On 15 November 2016, the European Commission (“the Commission”) opened its second report on Regulation (EC) No 1901/2006 of the European Parliament and of the Council of 12...08 December 2016
THE EMA MEDICAL LITERATURE MONITORING SERVICE ENTERS INTO FULL EFFECT
In accordance with Module VI of the Good Pharmacovigilance Practices, marketing authorisation holders are required to submit individual case safety reports ("ICSR") in relation to suspected adverse reactions that occur in a single patient at a specific period.
As part of this requirement, marketing authorisation holders must monitor medical literature and report individual cases of suspected adverse reactions in relation to medicinal products for which they hold a marketing authorisation in the European Economic Area ("EEA"). A derogation to this monitoring requirement, however, applies in the case of listed active substances which are monitored by the EMA. The new medical literature monitoring service which has been implemented by the EMA reflects this derogation.
In accordance with Article 27 of Regulation (EU) 726/2004, the EMA is mandated to "monitor selected medical literature for reports of suspected adverse reactions to medicinal products containing certain active substances".
Paragraph 3 of Article 107(3) of the Community Code relating to medicinal products for human use provides that marketing authorisation holders are not required to report suspected adverse reactions through the Eudravigilance database where the substance is recorded in the list of substance and herbal substance groups published by the EMA. Marketing authorisation holders are not, however, exonerated from the obligation to monitor all other medical literature and report any suspected adverse reactions which are not included in the published EMA list. This requirement is provided in Article 107(3) of the Community Code relating to medicinal products for human use.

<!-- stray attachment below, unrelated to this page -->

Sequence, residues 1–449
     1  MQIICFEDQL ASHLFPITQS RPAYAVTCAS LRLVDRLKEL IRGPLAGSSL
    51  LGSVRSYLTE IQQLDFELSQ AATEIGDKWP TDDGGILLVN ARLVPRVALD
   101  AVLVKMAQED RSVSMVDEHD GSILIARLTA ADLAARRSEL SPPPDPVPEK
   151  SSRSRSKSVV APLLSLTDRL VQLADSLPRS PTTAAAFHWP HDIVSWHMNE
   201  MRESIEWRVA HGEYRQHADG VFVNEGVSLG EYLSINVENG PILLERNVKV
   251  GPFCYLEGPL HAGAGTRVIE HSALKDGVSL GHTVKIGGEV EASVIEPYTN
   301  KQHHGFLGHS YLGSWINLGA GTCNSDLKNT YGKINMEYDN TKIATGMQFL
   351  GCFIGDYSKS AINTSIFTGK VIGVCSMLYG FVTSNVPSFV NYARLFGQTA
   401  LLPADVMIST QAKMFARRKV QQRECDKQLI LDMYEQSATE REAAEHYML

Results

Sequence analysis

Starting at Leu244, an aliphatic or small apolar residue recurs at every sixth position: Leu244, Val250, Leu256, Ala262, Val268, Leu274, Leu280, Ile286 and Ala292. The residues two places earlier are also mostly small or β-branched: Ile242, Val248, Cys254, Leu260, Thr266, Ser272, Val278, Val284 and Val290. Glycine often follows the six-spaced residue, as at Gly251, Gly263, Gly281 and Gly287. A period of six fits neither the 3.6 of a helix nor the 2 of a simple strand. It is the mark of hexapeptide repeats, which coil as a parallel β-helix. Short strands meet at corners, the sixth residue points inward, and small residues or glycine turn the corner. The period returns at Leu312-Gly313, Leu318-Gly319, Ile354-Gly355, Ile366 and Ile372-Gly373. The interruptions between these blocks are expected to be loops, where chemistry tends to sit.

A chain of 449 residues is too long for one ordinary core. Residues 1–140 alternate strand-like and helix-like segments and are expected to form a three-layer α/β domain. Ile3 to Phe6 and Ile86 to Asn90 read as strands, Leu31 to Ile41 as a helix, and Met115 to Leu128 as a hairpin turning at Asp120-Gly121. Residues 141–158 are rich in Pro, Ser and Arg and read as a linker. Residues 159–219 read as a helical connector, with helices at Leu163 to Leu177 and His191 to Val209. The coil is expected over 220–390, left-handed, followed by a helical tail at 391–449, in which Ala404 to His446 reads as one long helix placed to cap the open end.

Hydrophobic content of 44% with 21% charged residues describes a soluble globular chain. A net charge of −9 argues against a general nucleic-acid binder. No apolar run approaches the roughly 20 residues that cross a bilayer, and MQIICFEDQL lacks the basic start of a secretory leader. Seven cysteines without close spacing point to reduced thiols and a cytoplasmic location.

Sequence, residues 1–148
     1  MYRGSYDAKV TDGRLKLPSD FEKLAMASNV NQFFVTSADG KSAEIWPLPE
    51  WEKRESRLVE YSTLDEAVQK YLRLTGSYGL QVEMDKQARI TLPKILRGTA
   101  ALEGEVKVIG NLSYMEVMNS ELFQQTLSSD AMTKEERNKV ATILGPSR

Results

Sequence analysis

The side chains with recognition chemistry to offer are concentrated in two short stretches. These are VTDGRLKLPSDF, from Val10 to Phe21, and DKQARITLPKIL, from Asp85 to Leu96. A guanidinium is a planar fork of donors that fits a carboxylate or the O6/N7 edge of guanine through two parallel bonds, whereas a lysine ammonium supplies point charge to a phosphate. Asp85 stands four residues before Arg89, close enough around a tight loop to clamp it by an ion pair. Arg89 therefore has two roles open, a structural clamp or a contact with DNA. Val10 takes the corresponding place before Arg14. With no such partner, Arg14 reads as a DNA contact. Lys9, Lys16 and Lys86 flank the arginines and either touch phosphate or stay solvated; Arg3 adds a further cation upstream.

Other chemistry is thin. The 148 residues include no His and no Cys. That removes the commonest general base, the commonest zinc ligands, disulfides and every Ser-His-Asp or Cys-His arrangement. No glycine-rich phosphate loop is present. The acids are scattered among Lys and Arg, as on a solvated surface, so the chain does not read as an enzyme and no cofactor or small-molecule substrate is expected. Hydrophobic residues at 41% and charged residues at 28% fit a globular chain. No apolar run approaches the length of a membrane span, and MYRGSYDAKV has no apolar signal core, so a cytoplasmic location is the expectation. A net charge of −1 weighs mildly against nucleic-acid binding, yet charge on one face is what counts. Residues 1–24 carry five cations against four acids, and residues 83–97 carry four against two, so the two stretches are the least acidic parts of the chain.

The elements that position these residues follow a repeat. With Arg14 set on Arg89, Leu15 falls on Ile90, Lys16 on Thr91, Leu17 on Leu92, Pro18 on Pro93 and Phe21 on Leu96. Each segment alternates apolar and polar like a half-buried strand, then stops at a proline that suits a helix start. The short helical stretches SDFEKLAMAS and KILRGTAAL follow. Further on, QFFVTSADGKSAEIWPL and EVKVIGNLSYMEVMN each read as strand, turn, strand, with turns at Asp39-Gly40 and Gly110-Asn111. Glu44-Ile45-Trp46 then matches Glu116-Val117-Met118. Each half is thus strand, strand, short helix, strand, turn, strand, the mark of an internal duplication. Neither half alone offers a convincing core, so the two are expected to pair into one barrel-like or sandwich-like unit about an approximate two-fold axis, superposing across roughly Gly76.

List of Substance and Herbal Substance Groups
Three hundred substances and one hundred herbal substances have been selected by the EMA for the purpose of this service.
The EMA has provided a search strategy for each of the four hundred named substances and herbal substances, which fall under the scope of Article 27 of the Regulation (EU) 726/2004. This guidance is intended to facilitate greater precision in terms of search results for marketing authorisation holders in relation to areas that must be monitored.
Training in relation to the medical literature monitoring service
Marketing authorisation holders are provided with information concerning the implementation of this new service on the dedicated medical literature monitoring webpage of the EMA. This includes the following resources:
• A Questions and Answers ("Q&A") document on medical literature monitoring;
• A series of short videos in relation to the service.
The list of substance groups and herbal substance groups which are made available on this dedicated webpage will be subject to review on an annual basis by the EMA.